In Electronic Reader: Thomas Massaro, Living Justice (2012 edition), chapter 4, pp. 61-67


In looking at reason as a source of CST, Massaro quickly brings in the concept of ‘natural law’.  These two, reason and natural law, are connected simply because we can use our reason to think about what is good for us – in the sense of what will enable us to use our abilities and fulfil our potentials, and thereby be more fully human.  On screen 1.1.6, I defined the controversial idea of natural law like this:

This… refers principally to the longstanding affirmation in Christianity that for people to live well, to enjoy human wellbeing, as God the creator wishes, we should live in ways proper to, and fulfilling of, our created human nature in all its dimensions.  In other words, built into how God has made us, there are ways of doing things which are good for us as human persons (e.g., being truthful, and honouring our parents), and others which are not (e.g., exploiting people or being violent to them).  It is acting in line with the ‘natural law’ that enables humans to live life to the full.

Here are two of the main things Massaro says in explaining this term:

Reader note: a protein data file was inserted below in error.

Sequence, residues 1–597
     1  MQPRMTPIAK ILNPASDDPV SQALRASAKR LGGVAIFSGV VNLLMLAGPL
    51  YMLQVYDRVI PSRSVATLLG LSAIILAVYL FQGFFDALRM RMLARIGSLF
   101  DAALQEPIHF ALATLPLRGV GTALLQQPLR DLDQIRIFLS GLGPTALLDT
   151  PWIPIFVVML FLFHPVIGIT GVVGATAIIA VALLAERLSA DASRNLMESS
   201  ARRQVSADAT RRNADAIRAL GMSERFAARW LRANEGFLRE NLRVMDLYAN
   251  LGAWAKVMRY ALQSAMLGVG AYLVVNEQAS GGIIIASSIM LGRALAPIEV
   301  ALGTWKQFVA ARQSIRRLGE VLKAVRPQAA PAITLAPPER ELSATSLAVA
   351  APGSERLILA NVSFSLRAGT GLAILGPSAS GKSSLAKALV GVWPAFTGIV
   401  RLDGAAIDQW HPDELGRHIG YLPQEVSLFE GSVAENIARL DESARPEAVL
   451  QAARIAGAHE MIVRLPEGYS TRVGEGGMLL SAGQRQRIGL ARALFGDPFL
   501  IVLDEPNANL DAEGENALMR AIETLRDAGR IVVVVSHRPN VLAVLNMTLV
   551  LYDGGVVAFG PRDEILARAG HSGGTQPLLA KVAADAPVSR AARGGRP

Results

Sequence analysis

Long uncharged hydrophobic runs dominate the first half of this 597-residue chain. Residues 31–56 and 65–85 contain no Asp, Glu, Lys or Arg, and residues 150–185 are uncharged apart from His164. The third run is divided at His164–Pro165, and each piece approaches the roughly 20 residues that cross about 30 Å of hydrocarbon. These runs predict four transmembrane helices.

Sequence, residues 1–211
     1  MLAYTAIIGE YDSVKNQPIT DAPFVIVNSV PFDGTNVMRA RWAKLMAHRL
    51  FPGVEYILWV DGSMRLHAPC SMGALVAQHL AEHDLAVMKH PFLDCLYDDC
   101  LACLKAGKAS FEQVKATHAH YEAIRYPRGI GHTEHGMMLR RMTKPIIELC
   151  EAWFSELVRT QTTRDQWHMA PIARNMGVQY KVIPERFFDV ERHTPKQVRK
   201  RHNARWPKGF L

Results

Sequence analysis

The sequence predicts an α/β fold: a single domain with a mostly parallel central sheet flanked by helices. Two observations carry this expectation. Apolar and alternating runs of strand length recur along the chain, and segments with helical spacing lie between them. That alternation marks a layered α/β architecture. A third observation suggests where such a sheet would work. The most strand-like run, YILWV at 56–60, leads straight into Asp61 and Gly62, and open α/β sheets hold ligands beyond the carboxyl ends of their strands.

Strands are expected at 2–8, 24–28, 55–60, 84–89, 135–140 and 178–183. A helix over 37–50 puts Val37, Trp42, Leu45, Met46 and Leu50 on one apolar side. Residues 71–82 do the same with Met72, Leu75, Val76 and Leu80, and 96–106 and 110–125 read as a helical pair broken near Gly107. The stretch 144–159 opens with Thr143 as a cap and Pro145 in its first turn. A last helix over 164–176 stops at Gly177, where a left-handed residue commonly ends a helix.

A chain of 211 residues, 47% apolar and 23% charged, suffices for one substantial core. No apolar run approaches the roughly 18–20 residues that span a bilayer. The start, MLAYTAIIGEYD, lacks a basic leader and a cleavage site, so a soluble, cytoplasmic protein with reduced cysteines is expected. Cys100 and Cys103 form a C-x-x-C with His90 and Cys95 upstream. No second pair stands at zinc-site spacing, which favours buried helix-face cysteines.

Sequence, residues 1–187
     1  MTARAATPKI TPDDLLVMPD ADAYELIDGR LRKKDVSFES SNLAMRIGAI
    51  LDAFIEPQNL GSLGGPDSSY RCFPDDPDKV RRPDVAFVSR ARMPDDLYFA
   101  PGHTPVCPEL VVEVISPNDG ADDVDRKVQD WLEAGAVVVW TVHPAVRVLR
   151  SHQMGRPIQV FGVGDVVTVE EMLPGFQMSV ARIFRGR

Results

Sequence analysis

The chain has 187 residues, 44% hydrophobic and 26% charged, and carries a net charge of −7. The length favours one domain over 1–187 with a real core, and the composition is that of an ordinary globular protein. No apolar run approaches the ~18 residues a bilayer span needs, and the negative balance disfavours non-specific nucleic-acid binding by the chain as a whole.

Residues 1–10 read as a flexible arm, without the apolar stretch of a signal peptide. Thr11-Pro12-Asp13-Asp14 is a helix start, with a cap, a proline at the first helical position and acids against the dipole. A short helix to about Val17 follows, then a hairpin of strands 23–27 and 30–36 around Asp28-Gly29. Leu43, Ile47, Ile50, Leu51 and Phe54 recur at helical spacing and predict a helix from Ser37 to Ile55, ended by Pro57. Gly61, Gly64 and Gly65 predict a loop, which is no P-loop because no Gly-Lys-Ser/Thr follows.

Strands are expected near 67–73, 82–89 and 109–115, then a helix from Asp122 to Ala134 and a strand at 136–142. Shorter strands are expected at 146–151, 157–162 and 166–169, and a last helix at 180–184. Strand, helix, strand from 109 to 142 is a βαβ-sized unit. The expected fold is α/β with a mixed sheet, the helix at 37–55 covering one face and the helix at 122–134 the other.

God… created humans with enough intelligence that they can use their reason to observe the natural world and make reliable judgments about God’s purposes.  Humans are fully capable of figuring out how their behaviour may cooperate with God’s plans; they can also conspire to frustrate the clear purposes of their creator. (p. 62)

A key claim of natural law theory is that nature is another path by which people may learn God’s will, albeit in a less direct way than through revelation.  By closely observing the structures of [human] nature… [we] gain reliable knowledge of the natural order God intends.  For example… [t]he natural human desire to live peacefully in society is… evidence to justify… the rules of social order… that contribute to social stability and harmony. (p. 65)

In the first of those statements, it is surprising that Massaro says that humans are “fully” capable of using reason to understand the natural law, because elsewhere he recognizes its limitations (p. 65).  Ever since St Thomas Aquinas in the thirteenth century (if not before), Catholic teaching has held that one benefit of God giving humans moral teaching in Scripture is to inform and correct our otherwise weak grasp of the natural law.1



Does my brief definition of ‘natural law’, cited above, correspond with what you have read in Massaro, and in particular with the quotations I’ve just given?